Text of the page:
Retailers that advertise sale prices in comparison with regular prices in California should ensure that the products were actually offered for purchase at those regular prices within the preceding three months, in order to avoid potential litigation. Los Angeles prosecutors have initiated lawsuits against J.C. Penney, Sears, Kohl’s and Macy’s for allegedly failing to do so, accusing them of misleading shoppers into believing they were buying items at more significant mark downs than they actually did.
According to the lawsuits at hand, the four retailers allegedly tricked consumers by falsely stating the original prices in connection with “sale” prices on thousands of products. The lawsuits cite claims of false advertising and unfair competition based on alleged violation of a California state law that prohibits advertising a former price unless it was “the prevailing market price” within three months before the ad runs, unless the ad “exactly and conspicuously” states the date when that price was in effect. California law also prohibits retailers from “making false or misleading statements of fact concerning reasons for, existence of, or amounts of price reductions.”
On the heels of the initiation of the aforementioned lawsuits, each of which were filed in Los Angeles County Superior Court and seek civil penalties as much as $2,500 for each violation and injunctions to stop so-called false reference pricing to increase sales, City Attorney Mike Feuer said in a statement, “Customers have the right to be told the truth about the price they’re paying – and to know if a bargain is really a bargain.”
The four recently-filed lawsuits come on the heels of a number of other false advertising suits similarly based on the practice of misleading consumers about pricing.
Late last year, Kate Spade was singled out for falsely advertising original prices and corresponding price discounts on goods, and shortly thereafter, Macy’s and Bloomingdale's were accused of intentionally duping consumers by way of their pricing practices.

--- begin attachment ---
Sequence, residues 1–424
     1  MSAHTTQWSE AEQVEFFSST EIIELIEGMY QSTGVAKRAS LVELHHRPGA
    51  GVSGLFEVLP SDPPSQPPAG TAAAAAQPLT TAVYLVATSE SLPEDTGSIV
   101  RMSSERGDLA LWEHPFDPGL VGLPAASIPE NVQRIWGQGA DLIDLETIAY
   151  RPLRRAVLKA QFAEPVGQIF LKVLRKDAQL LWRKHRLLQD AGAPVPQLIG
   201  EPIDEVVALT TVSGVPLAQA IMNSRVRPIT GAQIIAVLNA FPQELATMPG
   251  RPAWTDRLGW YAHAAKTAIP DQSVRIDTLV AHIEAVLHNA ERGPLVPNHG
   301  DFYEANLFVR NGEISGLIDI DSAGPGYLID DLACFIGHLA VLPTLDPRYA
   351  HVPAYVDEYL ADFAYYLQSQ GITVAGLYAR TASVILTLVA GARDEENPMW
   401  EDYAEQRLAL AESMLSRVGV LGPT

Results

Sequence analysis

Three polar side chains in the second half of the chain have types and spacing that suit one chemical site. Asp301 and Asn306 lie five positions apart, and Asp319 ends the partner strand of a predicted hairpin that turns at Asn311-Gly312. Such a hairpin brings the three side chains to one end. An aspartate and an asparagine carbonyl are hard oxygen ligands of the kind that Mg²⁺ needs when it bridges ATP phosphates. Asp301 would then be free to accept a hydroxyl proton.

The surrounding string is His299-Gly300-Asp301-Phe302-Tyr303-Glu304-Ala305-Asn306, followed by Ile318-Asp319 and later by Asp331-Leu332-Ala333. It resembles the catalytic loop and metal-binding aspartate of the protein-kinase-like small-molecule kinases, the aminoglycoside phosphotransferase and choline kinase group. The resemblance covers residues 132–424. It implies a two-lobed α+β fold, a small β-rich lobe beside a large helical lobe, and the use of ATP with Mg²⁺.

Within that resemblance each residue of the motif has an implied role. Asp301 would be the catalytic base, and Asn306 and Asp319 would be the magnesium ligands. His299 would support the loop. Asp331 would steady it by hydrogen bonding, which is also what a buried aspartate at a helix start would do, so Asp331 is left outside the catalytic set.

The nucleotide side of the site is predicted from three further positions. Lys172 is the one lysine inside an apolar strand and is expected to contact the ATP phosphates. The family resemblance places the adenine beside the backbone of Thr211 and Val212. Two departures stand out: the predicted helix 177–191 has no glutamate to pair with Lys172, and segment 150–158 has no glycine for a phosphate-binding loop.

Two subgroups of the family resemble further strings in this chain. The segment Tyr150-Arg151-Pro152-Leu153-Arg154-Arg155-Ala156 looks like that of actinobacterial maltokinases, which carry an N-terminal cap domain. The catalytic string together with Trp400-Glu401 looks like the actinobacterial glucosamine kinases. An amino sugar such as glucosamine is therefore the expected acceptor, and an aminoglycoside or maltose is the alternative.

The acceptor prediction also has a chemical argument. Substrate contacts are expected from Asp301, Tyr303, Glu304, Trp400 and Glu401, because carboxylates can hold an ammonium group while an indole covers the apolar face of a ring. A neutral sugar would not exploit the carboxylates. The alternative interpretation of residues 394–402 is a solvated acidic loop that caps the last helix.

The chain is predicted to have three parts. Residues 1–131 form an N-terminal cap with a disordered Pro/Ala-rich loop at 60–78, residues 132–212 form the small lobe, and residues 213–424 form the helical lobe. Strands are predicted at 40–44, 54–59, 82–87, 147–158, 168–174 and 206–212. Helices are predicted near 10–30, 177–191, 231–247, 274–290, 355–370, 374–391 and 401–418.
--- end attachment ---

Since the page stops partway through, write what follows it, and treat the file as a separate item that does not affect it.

In February, Burberry was named in a potential class action lawsuit, charging it with using misleading price tags at its outlet stores in an attempt to confuse consumers as to the original price of the goods.
In April, Nike was slapped with a $5 million potential class action lawsuit, in which the sportswear giant was accused of using misleading price tags at its outlet stores. Filed in the U.S. District Court for the District of Oregon, a federal court in Portland, the lawsuit alleges that Nike “misrepresented the existence, nature and amount of price discounts on products sold in Nike Outlet stores by purporting to offer discounts off of a false ‘Suggested Retail Price,’ which the Plaintiff understood to be short for the commonly used retail phrase: Manufacturer’s Suggested Retail Price (MSRP).”
Another major suit: the one Zara is facing. In August, the Spanish fast fashion giant was accused of engaging in the widespread practice of deceiving American consumers through a classic bait and switch scheme in connection with its pricing. The $5 million-plus proposed class action lawsuit, which was filed by Devin Rose in the United States District Court for the Central District of California, a federal court in Los Angeles, alleges that Rose (and other Zara shoppers) “has been damaged in that Zara’s deceptive pricing practices caused him to overpay for the garments he purchased.”